By contrast, most of my students came from schools known as “dropout factories.” These students had significant academic catching-up to do. We did not have demand for AP courses, nor did we have time for robust extracurricular activities.

The starting point of my brother’s and my students’ senior years paints a stark picture of deep and persistent inequities that many young people in under-resourced communities face. In my brother’s case, his age and stage of learning matched. My students, all of whom had transcripts that said they were juniors and seniors, rarely had the full scope of academic, social and emotional skills they needed.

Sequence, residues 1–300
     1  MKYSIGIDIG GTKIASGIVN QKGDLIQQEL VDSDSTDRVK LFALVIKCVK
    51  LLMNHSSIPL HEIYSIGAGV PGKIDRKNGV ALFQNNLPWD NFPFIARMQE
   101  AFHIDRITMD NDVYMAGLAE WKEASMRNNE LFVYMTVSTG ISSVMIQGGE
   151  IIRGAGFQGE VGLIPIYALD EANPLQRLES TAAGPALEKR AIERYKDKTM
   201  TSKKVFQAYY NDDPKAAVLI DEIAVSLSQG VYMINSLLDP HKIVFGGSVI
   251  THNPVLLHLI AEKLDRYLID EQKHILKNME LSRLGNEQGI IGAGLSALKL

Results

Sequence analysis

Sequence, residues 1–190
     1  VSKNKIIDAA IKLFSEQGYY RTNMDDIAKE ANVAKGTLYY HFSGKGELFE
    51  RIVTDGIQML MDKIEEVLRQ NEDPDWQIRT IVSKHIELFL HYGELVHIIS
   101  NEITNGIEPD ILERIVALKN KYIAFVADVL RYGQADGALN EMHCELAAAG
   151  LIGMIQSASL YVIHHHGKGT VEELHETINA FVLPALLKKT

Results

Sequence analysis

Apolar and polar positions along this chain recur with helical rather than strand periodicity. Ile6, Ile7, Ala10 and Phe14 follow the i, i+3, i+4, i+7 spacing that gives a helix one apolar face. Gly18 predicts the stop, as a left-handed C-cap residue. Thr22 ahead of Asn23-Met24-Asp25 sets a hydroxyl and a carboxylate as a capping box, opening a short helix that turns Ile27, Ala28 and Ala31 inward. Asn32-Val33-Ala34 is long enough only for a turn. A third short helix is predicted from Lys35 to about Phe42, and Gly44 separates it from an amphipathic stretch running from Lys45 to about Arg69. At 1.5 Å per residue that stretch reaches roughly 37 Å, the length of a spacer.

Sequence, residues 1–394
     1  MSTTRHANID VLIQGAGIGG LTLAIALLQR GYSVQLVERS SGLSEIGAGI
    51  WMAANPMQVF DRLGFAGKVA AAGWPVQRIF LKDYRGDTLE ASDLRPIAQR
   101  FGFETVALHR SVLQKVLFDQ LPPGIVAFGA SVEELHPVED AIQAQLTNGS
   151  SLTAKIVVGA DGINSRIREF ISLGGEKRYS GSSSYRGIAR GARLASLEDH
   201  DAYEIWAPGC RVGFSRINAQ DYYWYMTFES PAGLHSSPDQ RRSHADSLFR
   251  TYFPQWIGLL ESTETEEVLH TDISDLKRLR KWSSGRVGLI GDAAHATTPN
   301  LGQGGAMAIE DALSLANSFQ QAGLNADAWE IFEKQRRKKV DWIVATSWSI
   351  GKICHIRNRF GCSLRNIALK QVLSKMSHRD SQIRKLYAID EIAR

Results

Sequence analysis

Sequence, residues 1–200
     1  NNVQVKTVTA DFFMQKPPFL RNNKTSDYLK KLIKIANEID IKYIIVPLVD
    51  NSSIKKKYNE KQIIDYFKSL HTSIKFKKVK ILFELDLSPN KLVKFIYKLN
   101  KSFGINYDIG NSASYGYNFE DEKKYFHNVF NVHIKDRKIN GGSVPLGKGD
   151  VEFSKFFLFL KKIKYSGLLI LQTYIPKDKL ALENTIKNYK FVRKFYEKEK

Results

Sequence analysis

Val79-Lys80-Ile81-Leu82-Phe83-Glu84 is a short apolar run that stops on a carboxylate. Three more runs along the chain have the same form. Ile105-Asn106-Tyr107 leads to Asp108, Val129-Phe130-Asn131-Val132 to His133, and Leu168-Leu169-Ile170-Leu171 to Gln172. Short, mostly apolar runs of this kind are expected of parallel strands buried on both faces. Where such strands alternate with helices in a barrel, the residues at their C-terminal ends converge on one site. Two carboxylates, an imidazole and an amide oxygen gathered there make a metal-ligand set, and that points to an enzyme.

I was reminded of these glaring oppositions when I read Jobs for the Future’s Equity in Education: Realizing the Potential, Overcoming the Obstacles, part of a competency-based education research series produced by its Students at the Center initiative. (more…)

The Courage to Confront Equity Issues in Competency Education

December 17, 2014 by
EPIC Schools NY

From the EPIC Schools NYC Website

Innovators and early adapters of competency education want to do right by kids. The vision of personalized education is that every student will be able to engage in meaningful and highly engaging learning experiences – with the right mix of instructional supports when they need it – so that everyone is successful. Failure is not an option; it’s just part of the learning process.